The son of a traveling U.S. Air Force dad and an English mum, Kirk McLeod was 11 when the family left Great Britain for suburban Central Florida.
Across the pond, he’d developed a fondness for traditional Celtic music and its instrumentation, the bagpipes in particular.
McLeod’s father signed him for a Scottish arts summer camp in North Carolina, where the young musician was taught the difficult art of piping by some of the best instructors in the country.
At the same time, he’d scored a guitar and was learning how to rock ‘n’ roll.
“Once I started playing pipes, I’d go to compete at Scottish arts festivals around the country,” McLeod explains. “But on the weekdays, I had a garage band with my middle school buddies.”
That, in a nutshell, was the genesis of Seven Nations, the band headlining this weekend’s Savannah Irish Festival in the Civic Center.
“I was like, ‘Why am I doing both? They should be put together.’ It seemed like no–brainer to me.”
He had an affinity for hard, chugging power–pop music, the sort of punchy melodic stuff that begged for electric guitars, bass and drums.
At first, he hesitated to put his plan into action.
“As a kid, I was such a purist about the bagpipes and traditional music that I could never imagine it,” says McLeod. “Because I was studying with some of the real greats at the time, and they’re purists.
“To imagine moving that culture into something else was really drastic, in my eyes. I was like the golden child with all my instructors.”
It was 1993 when he first attempted to fuse traditional Celtic instrumentation with rock ‘n’ roll.
“We were living in New York City at the time,” McLeod recalls, “and I brought some childhood friends up to work with me on the first incarnation of Seven Nations. A lot of the songs were very hard–edged, power–pop stuff with pipes and all that. Very much like we still do now.”
For a period, the band — originally known as Clan Na Gael — included an all–acoustic offshoot, heavy on the Great Highland pipes, tin whistle and mandolin.
Audiences, McLeod and his bandmates discovered, preferred the plaid puree of their harder–edged stuff. So they bailed out of the acoustic sets.
“At first we took a lot of old, traditional songs and tried to update them into a rock format,” he says. “And obviously, no matter how well you play them, you’re going to get some controversy there. But from maybe 1999 on, we’ve only really done songs that we’ve written ourselves.
“What we do is, when we throw the pipes and fiddle in, we don’t masturbate with them. We don’t let them go too far off the track. We keep them traditionally sounding good.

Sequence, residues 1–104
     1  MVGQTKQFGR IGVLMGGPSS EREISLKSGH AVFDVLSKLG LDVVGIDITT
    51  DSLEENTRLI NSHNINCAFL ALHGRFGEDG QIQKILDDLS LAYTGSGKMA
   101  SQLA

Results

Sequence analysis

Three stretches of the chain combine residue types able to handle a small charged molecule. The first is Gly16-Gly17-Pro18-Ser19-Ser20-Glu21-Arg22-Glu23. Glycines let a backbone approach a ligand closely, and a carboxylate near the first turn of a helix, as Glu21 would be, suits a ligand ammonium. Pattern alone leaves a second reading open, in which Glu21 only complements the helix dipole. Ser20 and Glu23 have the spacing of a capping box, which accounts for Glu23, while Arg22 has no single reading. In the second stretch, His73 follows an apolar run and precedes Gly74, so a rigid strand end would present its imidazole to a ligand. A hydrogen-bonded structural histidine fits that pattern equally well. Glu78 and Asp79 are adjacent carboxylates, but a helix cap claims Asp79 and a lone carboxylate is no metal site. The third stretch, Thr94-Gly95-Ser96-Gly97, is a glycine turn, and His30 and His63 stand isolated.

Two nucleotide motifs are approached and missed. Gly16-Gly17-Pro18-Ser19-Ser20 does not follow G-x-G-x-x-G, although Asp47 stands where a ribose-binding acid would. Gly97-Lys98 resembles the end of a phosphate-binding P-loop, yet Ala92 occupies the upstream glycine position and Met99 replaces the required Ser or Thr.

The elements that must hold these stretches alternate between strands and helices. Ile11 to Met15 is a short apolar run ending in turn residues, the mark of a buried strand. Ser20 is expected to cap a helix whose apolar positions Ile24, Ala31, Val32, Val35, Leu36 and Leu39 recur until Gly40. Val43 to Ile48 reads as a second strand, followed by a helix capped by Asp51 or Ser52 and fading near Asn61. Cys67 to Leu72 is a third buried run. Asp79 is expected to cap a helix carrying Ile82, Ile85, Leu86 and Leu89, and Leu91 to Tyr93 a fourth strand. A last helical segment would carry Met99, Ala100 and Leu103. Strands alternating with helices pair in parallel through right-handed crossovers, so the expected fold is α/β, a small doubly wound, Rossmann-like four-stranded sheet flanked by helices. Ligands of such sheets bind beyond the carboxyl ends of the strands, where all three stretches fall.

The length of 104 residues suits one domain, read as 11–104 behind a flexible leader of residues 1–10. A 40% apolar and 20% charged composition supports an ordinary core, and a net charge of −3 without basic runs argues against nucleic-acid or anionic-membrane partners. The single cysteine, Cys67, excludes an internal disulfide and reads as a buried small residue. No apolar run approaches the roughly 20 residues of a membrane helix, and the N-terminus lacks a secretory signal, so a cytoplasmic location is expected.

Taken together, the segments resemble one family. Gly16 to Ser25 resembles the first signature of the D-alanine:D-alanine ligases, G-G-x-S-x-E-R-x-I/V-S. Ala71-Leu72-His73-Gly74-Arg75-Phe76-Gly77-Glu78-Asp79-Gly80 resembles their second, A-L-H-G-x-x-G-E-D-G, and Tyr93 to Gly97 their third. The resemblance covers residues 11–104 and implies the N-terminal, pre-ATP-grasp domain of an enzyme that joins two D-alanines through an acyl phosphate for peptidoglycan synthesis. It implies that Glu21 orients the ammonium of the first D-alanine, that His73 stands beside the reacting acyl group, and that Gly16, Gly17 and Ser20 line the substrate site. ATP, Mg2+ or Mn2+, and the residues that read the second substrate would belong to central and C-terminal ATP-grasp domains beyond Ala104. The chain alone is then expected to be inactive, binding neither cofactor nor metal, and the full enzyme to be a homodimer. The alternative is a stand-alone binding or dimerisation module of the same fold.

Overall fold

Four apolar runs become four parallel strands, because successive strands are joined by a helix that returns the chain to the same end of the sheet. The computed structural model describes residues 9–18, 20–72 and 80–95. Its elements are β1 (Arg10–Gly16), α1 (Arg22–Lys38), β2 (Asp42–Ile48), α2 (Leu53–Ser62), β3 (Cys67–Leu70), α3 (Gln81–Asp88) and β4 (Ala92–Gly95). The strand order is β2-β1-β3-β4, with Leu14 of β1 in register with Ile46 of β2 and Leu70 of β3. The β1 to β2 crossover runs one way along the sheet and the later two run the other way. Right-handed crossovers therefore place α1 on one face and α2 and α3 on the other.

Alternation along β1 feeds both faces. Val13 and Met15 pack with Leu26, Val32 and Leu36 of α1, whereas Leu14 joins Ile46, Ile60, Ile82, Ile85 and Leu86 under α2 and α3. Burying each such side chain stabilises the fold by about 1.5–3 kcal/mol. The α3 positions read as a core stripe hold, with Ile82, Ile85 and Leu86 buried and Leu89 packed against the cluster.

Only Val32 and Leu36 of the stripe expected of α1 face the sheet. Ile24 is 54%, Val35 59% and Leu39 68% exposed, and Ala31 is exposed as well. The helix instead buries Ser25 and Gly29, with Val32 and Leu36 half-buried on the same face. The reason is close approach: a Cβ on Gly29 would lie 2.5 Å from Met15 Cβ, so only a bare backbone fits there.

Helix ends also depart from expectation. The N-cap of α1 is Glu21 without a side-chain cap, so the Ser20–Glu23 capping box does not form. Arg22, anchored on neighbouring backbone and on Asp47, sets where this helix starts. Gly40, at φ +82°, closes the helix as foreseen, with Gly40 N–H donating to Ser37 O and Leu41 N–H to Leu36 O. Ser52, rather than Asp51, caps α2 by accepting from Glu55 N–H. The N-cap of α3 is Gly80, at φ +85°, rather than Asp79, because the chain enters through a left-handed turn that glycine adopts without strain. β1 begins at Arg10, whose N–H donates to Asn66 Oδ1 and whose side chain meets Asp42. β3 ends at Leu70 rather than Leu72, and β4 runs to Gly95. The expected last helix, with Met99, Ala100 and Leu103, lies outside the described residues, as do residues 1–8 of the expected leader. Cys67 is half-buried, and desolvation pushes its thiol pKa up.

“The bagpipe movements are played incredibly well. A piping judge would really appreciate the way they’re being played, even though it’s in this format. And the same with the fiddle. As far as the playing is concerned, we stick to our traditional roots. But with the songwriting, we try to take it further.”
Seven Nations has recorded a dozen albums, including the successful A Celtic Rock Tribute to the Cure, and a pair of Christmas EPs.
That’s the band’s music you hear under the opening titles of ESPN’s Extreme Sports program.
McLeod knows his unique marriage of high–caliber Celtic musicianship and big–balls rock ‘n’ roll isn’t for everybody, particularly the purists.
“It’s probably to our detriment,” says. “Instead of playing the old favorites, taking the easy route, we’ve always taken the higher route and tried to be true. And not just sell out to what would make the audience happy, just for the sake of doing that.
“It would be so much easier just to play ‘Scotland the Brave’ or ‘Danny Boy’ or something like that, and just do it with energy. The audience would love it.”
Savannah Irish Festival
Where: Savannah Civic Center, 301 W. Oglethorpe Ave.
When: Feb. 17-19
Tickets: $12 per one day ticket (Saturday or Sunday); $16 two-day ticket. Under 14 free
Cieli (Irish dance): 7 p.m. Friday ($5 donation)
10:15 a.m.: Opening Ceremony with St. Vincent's Academy Chorale
11:45 a.m.:12:30 Glor na Daire Dancers
12:45 p.m.: Na Fidleiri
1:45 p.m.: Morning Star
2:45 p.m.: Ennis
3:45 p.m.: Irish Dancers of Savannah
4:45 p.m.: Harry O'Donoghue
6-7 p.m.: Seven Nations
Noon: Irish Dancers of Savannah
1 p.m.: Seamus Kennedy (storyteller)
2 p.m.: Harry O'Donoghue
3 p.m.: Glor na Daire Dancers
4 p.m.: Ennis
5-6 p.m.: Morning Star and Finale
The Savannah Irish Festival includes four stages of cultural events including literary readings, film screenings and lectures. Kids' entertainment, food and drink. See savannahirish.org.